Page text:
Tyler Landry explores the creative process of Cameron Weston Nicholson, and Sam Ombiri responds with further thoughts on the act of sketching.
Tyler Landry here. I’ve been following some of Cameron Weston Nicholson’s semi-secret endeavors over the last week or two, and the man is ON FIRE! Several simultaneous streams of intense character development are taking place here – some involving characters you might recognize from a certain book/film about a peculiar little girl who’s looking for her place in the world, while some are brand new, straight from Cam’s brain-swamp. The latter are the first manifestations of a new comic he’s got in the works. Sssshhhhhh…
There is a sincere (and successful) attempt here to accentuate each character’s unique physicality which, for me, helps to telegraph their personalities directly into their appearance. Think of it like exaggerated facial expressions – for the whole body.
This next set of character poses is as much about movement as it is about base structure. In this case, what they do outwardly speaks volumes about what’s going on inside.
Combined, the physical form and the gestures amount to much of what’s required for these characters to communicate who they are.
What Cameron’s been doing here is the beginning of world-building for a story. Be it in comics, film/TV, a novel, or a video game, steps like these towards developing characters and, by extension, the world they inhabit, are essential. Cam’s really feeling these guys out, trying to understand what makes ‘em tick, how they dress, how they act, how they go about their business in the world he’s going to place them in. Just like any exercise in copying the masters, there’s a wealth of information to be gleaned from retracing the steps of your predecessors on the way to (or alongside) taking your own. – Tyler Landry
Check out Tyler Landry’s work – and for a look at Tyler’s own process read this Black Callus interview from earlier this year.
Sam Ombiri here. Gary Panter said something like sketchbooks are your friend – sometimes you hide an idea in there and you find it later when you need it (I think that’s what he said). CF said he likes to think of a sketchbook or blank page as an experimental plane.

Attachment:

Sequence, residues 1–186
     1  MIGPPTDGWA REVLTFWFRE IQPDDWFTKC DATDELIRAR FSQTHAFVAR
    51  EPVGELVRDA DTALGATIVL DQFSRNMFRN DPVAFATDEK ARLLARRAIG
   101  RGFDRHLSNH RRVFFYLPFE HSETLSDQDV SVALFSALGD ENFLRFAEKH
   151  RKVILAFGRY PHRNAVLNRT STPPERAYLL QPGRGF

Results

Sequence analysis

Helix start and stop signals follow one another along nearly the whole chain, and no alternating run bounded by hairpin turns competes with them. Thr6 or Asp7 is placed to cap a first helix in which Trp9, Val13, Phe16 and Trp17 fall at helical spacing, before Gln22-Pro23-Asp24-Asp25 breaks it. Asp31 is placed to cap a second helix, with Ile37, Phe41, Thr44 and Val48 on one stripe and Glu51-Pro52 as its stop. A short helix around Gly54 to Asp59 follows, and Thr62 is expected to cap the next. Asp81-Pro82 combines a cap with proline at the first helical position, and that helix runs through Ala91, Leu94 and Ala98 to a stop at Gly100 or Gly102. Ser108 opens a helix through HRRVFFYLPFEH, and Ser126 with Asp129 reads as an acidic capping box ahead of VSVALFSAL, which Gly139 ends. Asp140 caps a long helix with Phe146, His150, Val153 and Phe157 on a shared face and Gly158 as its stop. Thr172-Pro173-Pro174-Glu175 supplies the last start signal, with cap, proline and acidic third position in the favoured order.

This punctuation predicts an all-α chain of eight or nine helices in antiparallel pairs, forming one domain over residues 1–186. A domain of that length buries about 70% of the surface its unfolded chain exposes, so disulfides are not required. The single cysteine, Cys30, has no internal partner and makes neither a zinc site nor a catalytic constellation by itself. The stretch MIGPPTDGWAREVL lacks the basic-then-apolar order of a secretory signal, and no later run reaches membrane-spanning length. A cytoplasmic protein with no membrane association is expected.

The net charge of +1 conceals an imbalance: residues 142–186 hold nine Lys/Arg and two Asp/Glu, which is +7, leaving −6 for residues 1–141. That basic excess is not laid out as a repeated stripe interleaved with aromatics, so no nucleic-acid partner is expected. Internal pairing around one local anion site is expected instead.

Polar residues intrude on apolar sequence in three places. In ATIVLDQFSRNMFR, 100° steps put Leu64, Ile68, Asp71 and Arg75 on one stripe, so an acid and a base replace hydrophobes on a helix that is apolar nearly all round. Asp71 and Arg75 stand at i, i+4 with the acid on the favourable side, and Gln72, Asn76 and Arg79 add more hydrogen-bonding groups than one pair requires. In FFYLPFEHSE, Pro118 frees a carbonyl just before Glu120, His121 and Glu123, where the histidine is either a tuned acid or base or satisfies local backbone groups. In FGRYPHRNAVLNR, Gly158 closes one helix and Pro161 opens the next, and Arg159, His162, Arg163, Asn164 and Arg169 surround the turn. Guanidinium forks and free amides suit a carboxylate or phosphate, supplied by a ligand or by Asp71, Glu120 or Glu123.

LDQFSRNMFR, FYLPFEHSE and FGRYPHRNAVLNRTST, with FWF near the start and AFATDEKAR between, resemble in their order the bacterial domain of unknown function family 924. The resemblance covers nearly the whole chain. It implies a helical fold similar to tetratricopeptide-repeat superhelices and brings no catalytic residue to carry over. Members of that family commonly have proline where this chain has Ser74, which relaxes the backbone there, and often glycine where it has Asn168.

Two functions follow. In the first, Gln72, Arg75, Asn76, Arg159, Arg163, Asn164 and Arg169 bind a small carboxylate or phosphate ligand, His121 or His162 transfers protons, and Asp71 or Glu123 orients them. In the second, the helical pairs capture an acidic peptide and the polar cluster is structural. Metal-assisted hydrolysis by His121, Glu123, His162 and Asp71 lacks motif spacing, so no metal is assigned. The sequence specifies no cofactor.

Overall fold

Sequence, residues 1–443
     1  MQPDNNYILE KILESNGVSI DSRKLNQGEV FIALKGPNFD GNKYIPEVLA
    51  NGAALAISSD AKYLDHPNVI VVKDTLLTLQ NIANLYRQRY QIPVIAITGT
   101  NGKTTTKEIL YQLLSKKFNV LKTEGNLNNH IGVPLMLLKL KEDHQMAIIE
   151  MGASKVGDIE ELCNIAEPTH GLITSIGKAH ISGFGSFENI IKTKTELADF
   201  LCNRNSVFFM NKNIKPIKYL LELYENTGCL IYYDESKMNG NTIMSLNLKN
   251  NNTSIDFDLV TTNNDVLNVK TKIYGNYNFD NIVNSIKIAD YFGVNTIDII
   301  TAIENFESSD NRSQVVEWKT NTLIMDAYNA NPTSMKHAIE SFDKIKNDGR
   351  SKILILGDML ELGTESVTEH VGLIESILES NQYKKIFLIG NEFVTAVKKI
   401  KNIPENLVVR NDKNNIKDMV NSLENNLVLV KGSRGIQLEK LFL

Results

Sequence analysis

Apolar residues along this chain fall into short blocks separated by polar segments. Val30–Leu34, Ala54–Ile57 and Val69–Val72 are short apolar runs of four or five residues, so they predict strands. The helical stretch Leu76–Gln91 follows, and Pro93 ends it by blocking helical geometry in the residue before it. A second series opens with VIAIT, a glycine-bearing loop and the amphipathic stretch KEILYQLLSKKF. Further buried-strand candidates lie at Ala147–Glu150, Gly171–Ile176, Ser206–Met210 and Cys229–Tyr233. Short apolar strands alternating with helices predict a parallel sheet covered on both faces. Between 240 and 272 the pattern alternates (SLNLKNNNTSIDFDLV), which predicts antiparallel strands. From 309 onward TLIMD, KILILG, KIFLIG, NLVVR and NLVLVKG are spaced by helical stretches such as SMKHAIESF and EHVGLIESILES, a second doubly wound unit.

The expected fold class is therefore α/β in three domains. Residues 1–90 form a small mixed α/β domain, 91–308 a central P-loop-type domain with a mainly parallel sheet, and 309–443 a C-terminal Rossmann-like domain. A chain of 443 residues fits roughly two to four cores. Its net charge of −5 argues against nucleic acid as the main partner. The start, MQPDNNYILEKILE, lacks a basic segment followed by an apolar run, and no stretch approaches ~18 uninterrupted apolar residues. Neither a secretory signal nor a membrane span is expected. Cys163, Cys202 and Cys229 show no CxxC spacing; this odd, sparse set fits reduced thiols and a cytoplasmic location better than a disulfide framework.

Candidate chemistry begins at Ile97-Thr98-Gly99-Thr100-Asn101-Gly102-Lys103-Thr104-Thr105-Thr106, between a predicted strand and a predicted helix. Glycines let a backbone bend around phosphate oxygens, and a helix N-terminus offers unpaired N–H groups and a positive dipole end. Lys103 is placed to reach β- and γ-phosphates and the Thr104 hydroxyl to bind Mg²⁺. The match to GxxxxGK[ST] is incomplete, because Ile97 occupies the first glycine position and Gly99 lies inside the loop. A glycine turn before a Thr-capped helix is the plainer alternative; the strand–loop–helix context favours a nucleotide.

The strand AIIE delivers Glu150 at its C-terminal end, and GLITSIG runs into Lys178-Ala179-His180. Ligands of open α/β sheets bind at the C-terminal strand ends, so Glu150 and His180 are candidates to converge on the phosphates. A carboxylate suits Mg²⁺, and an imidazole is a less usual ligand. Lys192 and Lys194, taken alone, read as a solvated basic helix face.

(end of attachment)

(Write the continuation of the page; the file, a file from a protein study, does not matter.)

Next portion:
Mieko Kawakami said that for her, sketching (she actually said poetry – but it’s in a different cultural context, which unless you avidly read contemporary Japanese literature in Japanese, and keep up to date with the trends in relation to the history of Western influence on Japanese poetry, mixing with the more traditional Japanese poetry, then going back to a mix of traditional and Western influence and just what’s hot in the scene right now…you’d get it – not that I know anything about all that, I just heard it somewhere). Anyway for Mieko Kawakami “sketching” is like delusion and the “final draft” (she actually said prose) is like imagination. I kinda partly disagree with this illustration. I don’t think – with my ignorance of what’s going on with Japanese poetry right now – work of that kind is pure delusion, but it is emotion tapered with structure at least for the time being (though there’s still structure at play, as shown in Cameron Weston Nicholson’s work – see above – but there’s room for expression created here. Or maybe it’s just one’s personal fears and reservations.)
CF said something like the best way to draw is to turn your back on everyone you know and your ideals – at least I think that’s what he said. Japanese poetry is really preoccupied with rhythm, so even with the “delusion” it’s still grounded in something. Mieko Kawakami said the delusion she was referring to was like how she could have a family live in a house made out of pancakes – but ironically when she’s referring to her imagination she feels she can’t do that.
It makes me wonder – why make novels that limit yourself if they are a “higher calling”? From my understanding, for awhile the attitude readers had for novels in Japan were: the more difficult the better. I’m not sure whether it was The Tale of Genji or Don Quixote that was the first novel, but I think it’s safe to say the novelists most likely have a strong sense of tradition strictly built on the foundation that The Tale of Genji set up (I’m only assuming). So then, maybe that strong sense of tradition is what drives Kawakami to limit herself. That doesn’t really make any sense though, because a lot of the more popular contemporary Japanese authors, at least popular outside of Japan, have been influenced by novels outside the Japanese tradition. I think she cited Virginia Woolf as a big influence.
Someone said that the current movement is a fusion of the old difficult traditional Japanese literature and the new fun Japanese literature. Maybe in delusion/sketching/experimentation there’s a lack of tampering (which isn’t always the case). The only tampering to be found in imagination or in the work is in one’s limitations (sometimes).
Ambiguity is subtracted so there’s a more possible chance of connection, but connection can happen either way. Sketches/process work is the most honest/real documentation. It doesn’t always show up in apparent ways in all works but sometimes it shows up in the final work, which usually rocks. I like to be reminded when I’m looking at a drawing that it’s a drawing made by a person who isn’t always graceful. – Sam Ombiri
Tyler Landry is a graduate of the Santoro Correspondence Course for Comic Book Makers. He makes comics on Prince Edward Island, Canada. You can find some of his work at Study Group Comics and tons of his comics and work in progress on thee Comics Workbook tumblr.
Sam Ombiri makes comics in Pittsburgh, PA. He writes for Comics Workbook and is a cornerstone of the Pittsburgh Comics Salons.